My current emphasis: how to make good habits and break bad ones (really)

Want to get the "Moment of Happiness"? A daily happiness quotation in your inbox. Sign up here close daily quote

New Year’s Resolution: Four tips for writing your personal commandments.

CommandmentsEvery Wednesday is Tip Day.
This Wednesday: Four tips for writing your personal commandments.

I’m doing a happiness project, and you could have one, too. Join in! Start your own! January 1 is a great time to try something new, to turn over a new leaf. Forty-four percent of Americans make New Year’s resolutions, and I certainly always do.

In starting your happiness project, you might begin by writing your personal Commandments. I’ve posted about this before, but because this exercise was one of the most challenging — and most helpful and fun – tasks that I did in preparation for my happiness project, I’m posting about it again. It’s really worth doing.

Here are my Twelve Commandments:
1. Be Gretchen.
2. Let it go.
3. Act the way I want to feel.
4. Do it now.
5. Be polite and be fair.
6. Enjoy the process.
7. Spend out.
8. Identify the problem.
9. Lighten up.
10. Do what ought to be done.
11. No calculation.
12. There is only love.

So how do you come up with your own list?

First: Listen to what’s buzzing in your brain.
When I look at my Twelve Commandments, I realize that five of them are actually quotations from other people. My father repeatedly reminds me to “Enjoy the process.” A respected boss told me to “Be polite and be fair.” A good friend told me that she’d decided that “There is only love” in her heart for a difficult person. “No calculation” is a paraphrase of St. Therese (“When one loves, one does not calculate”), and “Act the way I want to feel” is a paraphrase of William James.

Second: Follow the metaphor.
When I was working on my biography of Churchill, Forty Ways to Look at Winston Churchill, I was repeatedly struck by the literary quality of his life – how rich it was in symbols, foreshadowing, motifs, all the elements of the novel.

I came to believe that this was true of my life, too, I just wasn’t paying attention. As Keats wrote, “A Man’s life of any worth is a continual allegory – and very few eyes can see the Mystery of his life…a life like the scriptures, figurative.”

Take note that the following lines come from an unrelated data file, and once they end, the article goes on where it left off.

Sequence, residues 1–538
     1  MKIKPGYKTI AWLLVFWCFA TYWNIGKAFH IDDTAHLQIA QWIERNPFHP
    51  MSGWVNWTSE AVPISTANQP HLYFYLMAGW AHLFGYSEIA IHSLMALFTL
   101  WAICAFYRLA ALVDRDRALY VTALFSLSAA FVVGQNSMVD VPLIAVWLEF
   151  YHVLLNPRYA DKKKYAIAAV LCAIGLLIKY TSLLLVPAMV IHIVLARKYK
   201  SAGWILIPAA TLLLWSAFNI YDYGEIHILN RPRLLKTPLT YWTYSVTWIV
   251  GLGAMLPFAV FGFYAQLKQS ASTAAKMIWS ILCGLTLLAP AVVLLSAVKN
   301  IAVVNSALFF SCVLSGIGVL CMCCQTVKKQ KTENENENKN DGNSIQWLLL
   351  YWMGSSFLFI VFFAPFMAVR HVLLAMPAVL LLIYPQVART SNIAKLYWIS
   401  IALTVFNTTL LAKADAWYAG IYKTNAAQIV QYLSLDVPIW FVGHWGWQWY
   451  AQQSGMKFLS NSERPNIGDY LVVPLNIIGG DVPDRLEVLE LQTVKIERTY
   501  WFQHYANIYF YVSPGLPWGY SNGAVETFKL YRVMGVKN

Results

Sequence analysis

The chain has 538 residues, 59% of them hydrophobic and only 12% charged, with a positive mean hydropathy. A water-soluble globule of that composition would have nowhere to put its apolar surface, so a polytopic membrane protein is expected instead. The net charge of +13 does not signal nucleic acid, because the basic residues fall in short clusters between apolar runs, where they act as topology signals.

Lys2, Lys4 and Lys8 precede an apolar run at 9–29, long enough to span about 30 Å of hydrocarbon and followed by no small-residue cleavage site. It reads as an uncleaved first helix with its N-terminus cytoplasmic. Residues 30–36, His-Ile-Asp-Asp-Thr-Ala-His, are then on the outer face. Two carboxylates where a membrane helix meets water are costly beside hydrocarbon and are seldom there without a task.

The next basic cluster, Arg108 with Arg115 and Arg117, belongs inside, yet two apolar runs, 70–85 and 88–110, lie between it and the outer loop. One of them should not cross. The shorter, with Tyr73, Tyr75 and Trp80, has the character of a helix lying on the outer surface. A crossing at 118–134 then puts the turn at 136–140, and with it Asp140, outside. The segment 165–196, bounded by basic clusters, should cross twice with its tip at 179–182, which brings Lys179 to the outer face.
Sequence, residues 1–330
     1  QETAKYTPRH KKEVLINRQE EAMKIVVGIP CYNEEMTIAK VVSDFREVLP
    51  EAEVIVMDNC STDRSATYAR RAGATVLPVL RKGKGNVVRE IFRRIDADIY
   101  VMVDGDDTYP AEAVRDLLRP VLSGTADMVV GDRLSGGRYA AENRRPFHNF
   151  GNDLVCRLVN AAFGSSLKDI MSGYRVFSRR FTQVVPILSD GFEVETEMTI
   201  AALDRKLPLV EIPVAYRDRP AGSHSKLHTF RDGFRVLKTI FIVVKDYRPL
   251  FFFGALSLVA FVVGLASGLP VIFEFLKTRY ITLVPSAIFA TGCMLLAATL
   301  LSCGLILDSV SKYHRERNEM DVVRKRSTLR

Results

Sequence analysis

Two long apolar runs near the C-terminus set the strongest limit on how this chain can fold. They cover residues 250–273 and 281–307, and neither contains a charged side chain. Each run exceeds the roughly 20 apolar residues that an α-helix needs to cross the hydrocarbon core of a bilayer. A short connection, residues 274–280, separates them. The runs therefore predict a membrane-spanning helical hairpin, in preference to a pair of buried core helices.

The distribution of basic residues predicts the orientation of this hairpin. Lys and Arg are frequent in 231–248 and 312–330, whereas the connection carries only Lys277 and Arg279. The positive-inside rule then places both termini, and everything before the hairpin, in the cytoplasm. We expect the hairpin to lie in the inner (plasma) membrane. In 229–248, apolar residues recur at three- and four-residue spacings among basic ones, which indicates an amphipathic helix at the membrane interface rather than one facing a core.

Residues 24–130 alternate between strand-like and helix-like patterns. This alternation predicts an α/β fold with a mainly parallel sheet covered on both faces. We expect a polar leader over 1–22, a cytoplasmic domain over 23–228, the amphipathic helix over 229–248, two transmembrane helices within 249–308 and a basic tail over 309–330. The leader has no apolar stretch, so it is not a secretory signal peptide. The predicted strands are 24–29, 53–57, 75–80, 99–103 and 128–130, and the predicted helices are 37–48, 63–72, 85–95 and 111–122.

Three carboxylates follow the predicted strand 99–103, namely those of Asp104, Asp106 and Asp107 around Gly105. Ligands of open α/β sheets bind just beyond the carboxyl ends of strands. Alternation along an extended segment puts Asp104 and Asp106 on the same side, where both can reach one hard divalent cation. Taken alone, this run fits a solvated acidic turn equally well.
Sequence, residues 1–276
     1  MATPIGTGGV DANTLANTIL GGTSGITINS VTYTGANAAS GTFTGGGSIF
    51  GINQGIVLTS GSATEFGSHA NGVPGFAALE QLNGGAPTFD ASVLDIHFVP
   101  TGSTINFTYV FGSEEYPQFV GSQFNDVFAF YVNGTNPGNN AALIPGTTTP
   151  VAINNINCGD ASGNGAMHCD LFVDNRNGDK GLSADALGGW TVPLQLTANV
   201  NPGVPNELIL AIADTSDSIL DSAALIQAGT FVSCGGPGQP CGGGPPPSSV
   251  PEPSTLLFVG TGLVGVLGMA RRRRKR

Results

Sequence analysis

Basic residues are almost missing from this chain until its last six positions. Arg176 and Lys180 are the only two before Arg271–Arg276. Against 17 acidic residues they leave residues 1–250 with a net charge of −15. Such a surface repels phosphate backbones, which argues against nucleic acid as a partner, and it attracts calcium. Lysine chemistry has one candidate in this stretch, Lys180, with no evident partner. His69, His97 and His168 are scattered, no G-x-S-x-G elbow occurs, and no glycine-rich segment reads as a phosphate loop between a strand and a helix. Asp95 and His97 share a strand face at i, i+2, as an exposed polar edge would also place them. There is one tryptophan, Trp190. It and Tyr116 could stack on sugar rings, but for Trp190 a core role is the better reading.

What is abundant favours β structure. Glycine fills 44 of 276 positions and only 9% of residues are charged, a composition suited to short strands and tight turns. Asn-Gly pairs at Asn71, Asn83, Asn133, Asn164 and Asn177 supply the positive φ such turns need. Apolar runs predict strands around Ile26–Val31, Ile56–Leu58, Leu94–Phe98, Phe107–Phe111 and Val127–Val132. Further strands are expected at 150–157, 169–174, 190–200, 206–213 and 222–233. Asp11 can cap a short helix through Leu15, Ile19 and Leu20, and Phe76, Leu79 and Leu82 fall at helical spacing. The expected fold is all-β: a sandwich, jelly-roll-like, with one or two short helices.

So you might find that your commandments would be better expressed through metaphor. Consider Howell Raines’ commandments, from Fly Fishing Through the Midlife Crisis:

“Rule One: Always be careful about where you fish and what you fish for and whom you fish with.
Rule Two: Be even more careful about what you take home and what you throw back.
Rule Three: The point of all fishing is to become ready to fly fish.
Rule Four: The point of fly fishing is to become reverent in the presence of art and nature.
Rule Five: The Redneck Way and Blalock’s Way run along the same rivers, but they do not come out at the same place.”

Third: Aim high and fight the urge to be too comprehensive.
I’ve found that my commandments help me most when I review them at least daily, to keep them fresh in my mind, and to do this, it helps to keep the list short and snappy. I suspect that Twelve Commandments is too much. Maybe I only need two, “Be Gretchen” and “There is only love.”

After all, Jesus got down to two commandments. When asked, “Master, which is the great commandment in the law?” Jesus answered, “Thou shalt love the Lord they God with all thy heart, and with all thy soul, and with all thy mind. This is the first and great commandment. And the second is like unto it, Thou shalt love thy neighbor as thyself. On these two commandments hang all the law and the prophets.” Matthew 22:36-40.

Fourth: Think about what’s true for YOU.
Each person’s list will differ. One person resolves to “Say yes,” another person resolves to “Say no.” You need to think about YOURSELF, your values, your strengths and weaknesses, your interests.

Whenever I write about commandments, people post their own lists in response, and it’s always fascinating and inspiring to see what they’ve chosen. Here are some commandments that other people have adopted. Some might work for you, or spur your own thoughts.

Forget the past.
Do stuff.
Talk to strangers.
Stay in touch.
Make haste to be kind.
Don’t wait.
Action, not reaction.
Always with love.
Baby steps.
Reverence.
Recognize my patterns.
Be present.
Don’t rehearse unhappiness. [This is one that I really need to think about!]
Live your values.
The more the merrier.
Love is all around.
Notice the color purple.
Friends are more important than sex.
Choose not to take things personally.
Be loving and love will find you.
Encourage others.
Enjoy simplicity.
Rejoice in beauty.
Deeds not words.
Slow down.
Please yourself.
Nothing lasts.
Music helps.
Only a bore is bored.
Do something different.
Consider the source.
Be the fun.
Cut your losses.

If you come up with your own set, please consider posting them. It’s very valuable for me and other readers — seeing other people’s commandments helps clarify what our own commandments need to be.

*
Interested in starting your own Happiness Project? If you’d like to take a look at my personal Resolutions Chart, for inspiration, just email me at grubin, then the “at” sign, then gretchenrubin dot com. No need to write anything more than “Resolutions Chart” in the subject line.